Once again, a coworker called in sick, and once again, you’ve been asked—no, make that required—to stay into the next shift. You’ve already worked 12 hours, you haven’t seen your kids all day and you have guests coming in tomorrow. Staying late was not in your plans.
First, take a deep breath. Responding in haste isn’t going to do you—or anybody else—any good.
Check with your state board of nursing. Fifteen states (California, Connecticut, Illinois, Maine, Maryland, Missouri, New Hampshire, New Jersey, New York, Oregon, Pennsylvania, Rhode Island, Texas, Washington and West Virginia) have restrictions on mandatory overtime, so ask what’s allowed. While covering for a sick coworker doesn’t usually fall under the allowable uses of mandatory overtime, you may be required to stay in case of an emergency or a disaster.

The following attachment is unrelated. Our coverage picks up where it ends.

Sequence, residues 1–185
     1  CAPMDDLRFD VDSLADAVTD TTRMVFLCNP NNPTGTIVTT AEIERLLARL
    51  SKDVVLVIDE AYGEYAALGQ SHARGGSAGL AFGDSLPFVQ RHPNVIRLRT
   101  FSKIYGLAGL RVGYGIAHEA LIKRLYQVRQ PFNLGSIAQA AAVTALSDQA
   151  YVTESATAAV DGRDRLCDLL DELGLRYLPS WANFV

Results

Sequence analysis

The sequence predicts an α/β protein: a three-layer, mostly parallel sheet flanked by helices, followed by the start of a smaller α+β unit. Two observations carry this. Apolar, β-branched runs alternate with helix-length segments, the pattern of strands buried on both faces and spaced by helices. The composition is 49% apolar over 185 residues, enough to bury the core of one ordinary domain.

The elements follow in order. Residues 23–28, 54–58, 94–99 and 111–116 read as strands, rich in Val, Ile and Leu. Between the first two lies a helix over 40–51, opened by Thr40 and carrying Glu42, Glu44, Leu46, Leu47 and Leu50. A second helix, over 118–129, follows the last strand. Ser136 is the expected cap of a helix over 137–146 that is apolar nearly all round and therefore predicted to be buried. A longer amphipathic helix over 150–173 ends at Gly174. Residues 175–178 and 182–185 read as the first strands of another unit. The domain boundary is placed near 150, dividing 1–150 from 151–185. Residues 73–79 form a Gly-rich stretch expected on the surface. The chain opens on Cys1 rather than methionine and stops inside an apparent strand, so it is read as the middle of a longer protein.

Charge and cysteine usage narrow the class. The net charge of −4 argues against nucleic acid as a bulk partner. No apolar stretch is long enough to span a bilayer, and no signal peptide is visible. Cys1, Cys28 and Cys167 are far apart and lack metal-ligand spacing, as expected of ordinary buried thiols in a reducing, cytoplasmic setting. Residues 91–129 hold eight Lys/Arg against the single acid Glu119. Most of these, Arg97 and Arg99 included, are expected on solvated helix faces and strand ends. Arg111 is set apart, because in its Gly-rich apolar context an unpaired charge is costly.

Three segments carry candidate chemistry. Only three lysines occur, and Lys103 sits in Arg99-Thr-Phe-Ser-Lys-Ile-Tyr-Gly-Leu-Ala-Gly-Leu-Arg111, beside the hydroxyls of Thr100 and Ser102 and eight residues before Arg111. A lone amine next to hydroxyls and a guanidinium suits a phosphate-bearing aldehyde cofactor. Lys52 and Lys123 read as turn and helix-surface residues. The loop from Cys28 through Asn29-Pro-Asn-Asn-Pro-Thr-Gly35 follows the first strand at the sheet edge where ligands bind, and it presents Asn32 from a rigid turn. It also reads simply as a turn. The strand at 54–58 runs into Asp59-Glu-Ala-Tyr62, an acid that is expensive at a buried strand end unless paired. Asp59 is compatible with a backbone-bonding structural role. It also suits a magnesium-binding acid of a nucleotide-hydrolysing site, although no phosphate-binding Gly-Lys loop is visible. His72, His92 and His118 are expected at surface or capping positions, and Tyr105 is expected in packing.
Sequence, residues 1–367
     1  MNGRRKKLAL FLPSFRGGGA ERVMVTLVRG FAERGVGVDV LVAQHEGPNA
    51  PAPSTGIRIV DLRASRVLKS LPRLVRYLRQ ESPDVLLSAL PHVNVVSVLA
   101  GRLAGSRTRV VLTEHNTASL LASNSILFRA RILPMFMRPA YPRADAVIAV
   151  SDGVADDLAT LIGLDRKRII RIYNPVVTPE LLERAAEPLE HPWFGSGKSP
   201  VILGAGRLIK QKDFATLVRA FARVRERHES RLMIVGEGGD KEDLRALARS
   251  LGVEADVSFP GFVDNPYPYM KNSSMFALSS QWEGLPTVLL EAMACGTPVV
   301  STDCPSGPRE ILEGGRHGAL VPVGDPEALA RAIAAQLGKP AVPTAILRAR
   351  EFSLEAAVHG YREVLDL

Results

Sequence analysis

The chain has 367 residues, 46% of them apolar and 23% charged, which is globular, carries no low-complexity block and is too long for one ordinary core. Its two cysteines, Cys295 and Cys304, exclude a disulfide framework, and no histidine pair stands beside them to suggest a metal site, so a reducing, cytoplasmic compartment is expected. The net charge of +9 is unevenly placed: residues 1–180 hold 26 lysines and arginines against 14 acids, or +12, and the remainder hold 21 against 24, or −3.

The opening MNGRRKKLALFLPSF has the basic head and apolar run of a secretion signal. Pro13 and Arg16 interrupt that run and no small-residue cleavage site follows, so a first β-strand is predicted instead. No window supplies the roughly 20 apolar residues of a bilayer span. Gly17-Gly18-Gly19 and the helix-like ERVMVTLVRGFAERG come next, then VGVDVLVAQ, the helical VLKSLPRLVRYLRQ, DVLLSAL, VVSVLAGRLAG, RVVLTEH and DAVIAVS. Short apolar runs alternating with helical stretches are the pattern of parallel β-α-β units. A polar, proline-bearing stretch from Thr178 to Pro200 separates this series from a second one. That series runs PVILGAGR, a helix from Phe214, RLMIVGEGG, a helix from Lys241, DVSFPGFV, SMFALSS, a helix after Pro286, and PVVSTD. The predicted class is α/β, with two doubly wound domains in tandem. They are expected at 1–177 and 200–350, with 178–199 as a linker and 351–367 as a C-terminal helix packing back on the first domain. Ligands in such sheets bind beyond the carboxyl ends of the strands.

Then speak calmly to your nurse manager or supervisor. Draw attention to the law, if applicable, and express your concerns. Don’t dwell on your kids or house guests; instead, focus on your desire to provide top-quality care. Numerous studies have shown that fatigued nurses are more likely to make mistakes.
If you’re not protected by law, you may need to stay; leaving could constitute patient abandonment. Do your best, then document the circumstances of your overtime. If mandatory overtime is a consistent problem on your unit, you may need to reach out to risk management or nursing administration for additional support.